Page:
How can I use regex in R to extract Twitter usernames from a string of text?

I've tried


theString <- '@foobar Foobar! and @foo (@bar) but not [email protected]'


But I end up with @foobar, @foo and (@bar which contains an unwanted parenthesis.

How can I get just @foobar, @foo and @bar as output?

3 Answers 3


Here's one method that works in R:

theString <- '@foobar Foobar! and @foo (@bar) but not [email protected]'
theString1 <- unlist(strsplit(theString, " "))
regex <- "(^|[^@\\w])@(\\w{1,15})\\b"
idx <- grep(regex, theString1, perl = T)
[1] "@foobar" "@foo"    "(@bar)"

If you want to use @Jerry's answer in R:

regex <- "@([A-Za-z]+[A-Za-z0-9_]+)(?![A-Za-z0-9_]*\\.)"
idx <- grep(regex, theString1, perl = T)
[1] "@foobar" "@foo"    "(@bar)" 

Both of these methods include the parenthesis that you don't want, however.

UPDATE This will get to you start-to-finish with no parentheses or any other kind of punctuation (except underscores, since they're allowed in usernames)

theString <- '@foobar Foobar! and @fo_o (@bar) but not [email protected]'
theString1 <- unlist(strsplit(theString, " "))
regex1 <- "(^|[^@\\w])@(\\w{1,15})\\b" # get strings with @
regex2 <- "[^[:alnum:]@_]"             # remove all punctuation except _ and @
users <- gsub(regex2, "", theString1[grep(regex1, theString1, perl = T)])

[1] "@foobar" "@fo_o"   "@bar"
  • +1 It's good to know that the regex was not invalid, although the lookahead doesn't consume characters and the match starting at @ shouldn't be grabbing the ( with it. =/ And I'm bummed that I can't get a testing environment >_<
    – Jerry
    Commented Aug 10, 2013 at 18:55
  • 1
    Yes R has a few unique details with regex... A few options for testing R on the web are here stackoverflow.com/a/13716528/1036500 Ideone is my favourite for quick things like this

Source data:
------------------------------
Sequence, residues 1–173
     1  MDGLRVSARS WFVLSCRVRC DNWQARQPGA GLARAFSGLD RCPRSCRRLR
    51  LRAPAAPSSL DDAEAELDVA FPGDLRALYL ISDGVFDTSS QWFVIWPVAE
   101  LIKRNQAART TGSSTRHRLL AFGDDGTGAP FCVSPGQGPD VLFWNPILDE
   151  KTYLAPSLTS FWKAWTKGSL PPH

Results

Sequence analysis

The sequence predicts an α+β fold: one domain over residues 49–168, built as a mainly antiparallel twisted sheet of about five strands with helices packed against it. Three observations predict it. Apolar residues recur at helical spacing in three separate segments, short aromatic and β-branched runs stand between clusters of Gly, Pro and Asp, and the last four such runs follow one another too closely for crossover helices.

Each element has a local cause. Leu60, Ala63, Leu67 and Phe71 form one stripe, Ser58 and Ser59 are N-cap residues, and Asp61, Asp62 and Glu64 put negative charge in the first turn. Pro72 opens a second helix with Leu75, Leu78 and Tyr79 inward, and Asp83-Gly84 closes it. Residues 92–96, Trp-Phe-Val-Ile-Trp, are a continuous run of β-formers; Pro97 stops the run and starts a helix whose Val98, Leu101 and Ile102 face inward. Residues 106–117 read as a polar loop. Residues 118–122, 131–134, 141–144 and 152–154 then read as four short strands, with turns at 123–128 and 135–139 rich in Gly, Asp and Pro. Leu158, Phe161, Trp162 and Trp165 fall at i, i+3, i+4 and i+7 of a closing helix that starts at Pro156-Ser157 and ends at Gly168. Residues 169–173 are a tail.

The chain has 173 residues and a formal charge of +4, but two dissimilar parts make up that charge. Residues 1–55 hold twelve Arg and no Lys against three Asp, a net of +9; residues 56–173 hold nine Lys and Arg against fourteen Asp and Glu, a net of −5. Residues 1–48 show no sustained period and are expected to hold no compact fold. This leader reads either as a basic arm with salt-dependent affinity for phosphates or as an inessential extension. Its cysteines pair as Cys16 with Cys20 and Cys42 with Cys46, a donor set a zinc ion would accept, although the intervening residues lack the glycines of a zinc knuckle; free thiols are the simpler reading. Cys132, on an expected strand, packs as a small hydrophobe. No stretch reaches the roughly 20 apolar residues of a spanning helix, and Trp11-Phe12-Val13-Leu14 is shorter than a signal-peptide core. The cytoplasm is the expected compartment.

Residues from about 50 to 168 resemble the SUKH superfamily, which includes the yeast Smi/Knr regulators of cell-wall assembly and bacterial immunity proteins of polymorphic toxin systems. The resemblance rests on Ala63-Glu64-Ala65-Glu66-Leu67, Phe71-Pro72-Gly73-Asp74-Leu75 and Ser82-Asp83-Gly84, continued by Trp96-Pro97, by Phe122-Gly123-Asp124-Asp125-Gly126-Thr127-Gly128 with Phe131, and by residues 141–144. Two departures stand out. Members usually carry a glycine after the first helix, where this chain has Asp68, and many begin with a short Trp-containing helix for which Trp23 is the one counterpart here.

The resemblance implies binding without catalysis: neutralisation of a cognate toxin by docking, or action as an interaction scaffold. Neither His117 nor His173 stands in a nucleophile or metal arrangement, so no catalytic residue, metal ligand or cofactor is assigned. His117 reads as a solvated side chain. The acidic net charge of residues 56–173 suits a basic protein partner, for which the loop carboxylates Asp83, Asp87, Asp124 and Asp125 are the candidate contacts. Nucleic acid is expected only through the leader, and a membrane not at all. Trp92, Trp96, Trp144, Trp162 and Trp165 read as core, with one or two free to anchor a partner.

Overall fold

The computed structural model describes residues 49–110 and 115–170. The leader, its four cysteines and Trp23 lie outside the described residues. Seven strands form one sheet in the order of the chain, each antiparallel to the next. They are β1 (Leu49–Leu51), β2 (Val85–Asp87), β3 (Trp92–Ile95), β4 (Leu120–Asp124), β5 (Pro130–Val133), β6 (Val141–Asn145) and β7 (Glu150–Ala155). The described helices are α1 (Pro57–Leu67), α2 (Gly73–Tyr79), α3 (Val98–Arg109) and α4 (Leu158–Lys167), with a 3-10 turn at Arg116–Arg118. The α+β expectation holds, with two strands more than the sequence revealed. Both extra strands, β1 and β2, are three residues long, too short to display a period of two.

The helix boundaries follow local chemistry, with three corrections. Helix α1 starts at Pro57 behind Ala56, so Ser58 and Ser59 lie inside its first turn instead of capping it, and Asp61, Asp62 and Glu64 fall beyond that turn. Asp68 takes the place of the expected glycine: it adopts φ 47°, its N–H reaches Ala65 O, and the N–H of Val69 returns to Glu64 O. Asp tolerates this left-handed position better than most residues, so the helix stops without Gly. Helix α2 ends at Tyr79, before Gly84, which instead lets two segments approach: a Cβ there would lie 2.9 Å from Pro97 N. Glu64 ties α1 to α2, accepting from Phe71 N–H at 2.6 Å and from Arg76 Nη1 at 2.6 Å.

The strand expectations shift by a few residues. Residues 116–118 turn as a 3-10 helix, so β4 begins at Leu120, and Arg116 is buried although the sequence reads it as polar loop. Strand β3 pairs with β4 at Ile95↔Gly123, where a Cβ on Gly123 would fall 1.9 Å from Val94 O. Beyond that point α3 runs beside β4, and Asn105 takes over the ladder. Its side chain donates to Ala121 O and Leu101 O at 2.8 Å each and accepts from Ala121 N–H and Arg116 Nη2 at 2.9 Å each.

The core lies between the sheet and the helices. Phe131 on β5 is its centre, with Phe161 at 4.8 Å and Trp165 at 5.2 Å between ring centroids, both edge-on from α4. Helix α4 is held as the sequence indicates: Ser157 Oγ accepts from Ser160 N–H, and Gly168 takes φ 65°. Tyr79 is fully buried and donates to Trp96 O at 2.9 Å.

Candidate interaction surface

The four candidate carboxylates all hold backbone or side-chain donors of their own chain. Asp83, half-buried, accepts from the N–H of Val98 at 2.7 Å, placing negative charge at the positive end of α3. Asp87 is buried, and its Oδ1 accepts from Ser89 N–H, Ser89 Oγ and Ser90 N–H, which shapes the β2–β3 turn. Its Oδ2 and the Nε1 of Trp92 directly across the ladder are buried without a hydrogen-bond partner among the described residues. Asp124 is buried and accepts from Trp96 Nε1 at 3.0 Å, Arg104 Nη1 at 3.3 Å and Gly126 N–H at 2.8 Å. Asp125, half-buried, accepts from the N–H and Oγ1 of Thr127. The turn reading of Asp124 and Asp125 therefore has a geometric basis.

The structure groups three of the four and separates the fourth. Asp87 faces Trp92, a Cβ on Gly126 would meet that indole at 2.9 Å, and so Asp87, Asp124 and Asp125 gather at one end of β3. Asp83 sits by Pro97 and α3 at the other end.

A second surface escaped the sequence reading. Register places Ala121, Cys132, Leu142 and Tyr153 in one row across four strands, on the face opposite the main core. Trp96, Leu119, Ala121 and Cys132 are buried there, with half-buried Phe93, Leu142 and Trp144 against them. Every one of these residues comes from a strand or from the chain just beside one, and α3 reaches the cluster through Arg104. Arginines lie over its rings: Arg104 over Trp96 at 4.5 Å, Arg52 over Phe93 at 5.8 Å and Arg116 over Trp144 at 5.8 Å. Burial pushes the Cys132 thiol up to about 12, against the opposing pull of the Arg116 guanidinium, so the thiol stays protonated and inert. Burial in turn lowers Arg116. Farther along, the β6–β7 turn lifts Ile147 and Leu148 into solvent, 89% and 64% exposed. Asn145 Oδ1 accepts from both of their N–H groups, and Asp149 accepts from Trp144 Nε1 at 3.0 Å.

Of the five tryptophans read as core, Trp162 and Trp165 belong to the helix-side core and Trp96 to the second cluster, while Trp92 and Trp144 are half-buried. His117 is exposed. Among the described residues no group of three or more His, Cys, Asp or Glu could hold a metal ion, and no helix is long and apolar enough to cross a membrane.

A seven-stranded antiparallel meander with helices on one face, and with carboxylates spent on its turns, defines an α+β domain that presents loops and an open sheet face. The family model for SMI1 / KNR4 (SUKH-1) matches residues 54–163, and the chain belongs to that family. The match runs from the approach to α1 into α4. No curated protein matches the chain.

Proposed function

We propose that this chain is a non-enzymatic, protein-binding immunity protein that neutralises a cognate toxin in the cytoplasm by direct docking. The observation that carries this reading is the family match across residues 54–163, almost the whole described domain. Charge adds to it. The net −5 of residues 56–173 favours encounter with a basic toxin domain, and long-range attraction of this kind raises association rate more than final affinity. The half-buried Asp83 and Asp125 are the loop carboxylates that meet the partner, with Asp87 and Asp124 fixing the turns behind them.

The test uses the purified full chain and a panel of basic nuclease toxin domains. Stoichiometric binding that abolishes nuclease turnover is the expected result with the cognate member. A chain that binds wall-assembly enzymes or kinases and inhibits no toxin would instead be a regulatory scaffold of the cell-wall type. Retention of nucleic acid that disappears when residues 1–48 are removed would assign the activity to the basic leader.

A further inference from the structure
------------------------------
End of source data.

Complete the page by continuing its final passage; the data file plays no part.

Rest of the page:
– Ben
    Commented Aug 10, 2013 at 19:18
  • I tried using Ideone but it wasn't able to find the lib stringr... otherwise, I'd be able to test it. Thanks for the link!
    – Jerry
    Commented Aug 10, 2013 at 19:24
  • I think it only runs base R and doesn't install packages or make any kind of network connections.
    – Ben
    Commented Aug 10, 2013 at 19:37
  • @Ben This is a great solution. However, if two username are next to each other. for example @John@Ben. You solution does not work. Do you know how to make it work in that case?
    – zesla
    Commented Jul 4, 2019 at 17:06



  • @ matches the character @ literally (case sensitive).

  • [a-zA-Z0-15] match a single character present in the list

  • {0,15} Quantifier matches between 0 and 15 times, as many times as possible, giving back as needed

It is working fine on selecting twitter usernames from a mixed dataset.

  • 1
    Did you test with OP example string: '@foobar Foobar! and @foo (@bar) but not [email protected]'?
    – Toto
    Commented Sep 10, 2018 at 14:14
  • 2
    Good point, thanks for pointing out going back to the console Commented Sep 10, 2018 at 15:18

Try using a negative lookbehind so that characters are not consumed in your match:


EDIT: Since it seems lookbehinds don't work in R (I found somewhere here that lookbehinds worked on R, but apparently not...), try this one:


Edit: double escaped the dot

EDITv3... : Try turning on PCRE:

  • 1
    Had to change ?<! to ?:! to make it work. It gets the first username but none of the others, which is what the function str_extract_all() is supposed to do.
    – Chernoff
    Commented Aug 10, 2013 at 18:15
  • 1
    R gives Error in gregexpr("(?:^|(?<![-a-zA-Z0-9_]))@([A-Za-z]+[A-Za-z0-9_]+)", : invalid regular expression '(?:^|(?<![-a-zA-Z0-9_]))@([A-Za-z]+[A-Za-z0-9_]+)', reason 'Invalid regexp' when I use < instead of :.
    – Chernoff
    Commented Aug 10, 2013 at 18:21
  • 1
    @Chernoff Huh, I was pretty sure R supported lookbehinds. If that's so, depending on what type of things you have, you can use @([A-Za-z]+[A-Za-z0-9_]+)(?![A-Za-z0-9_]*\.). This will work on your example and checks for the . appearing just after bar for the last @.
    – Jerry
    Commented Aug 10, 2013 at 18:27
  • I don't think R likes \., I got the message: Error: '\.' is an unrecognized escape in character string starting "@([A-Za-z]+[A-Za-z0-9_]+)(?![A-Za-z0-9_]*\."
    – Chernoff
    Commented Aug 10, 2013 at 18:39
  • 1
    To get lookbehinds make sure to specify perl=TRUE if you're using the base regex functions.
    – Dason
    Commented Aug 10, 2013 at 19:03

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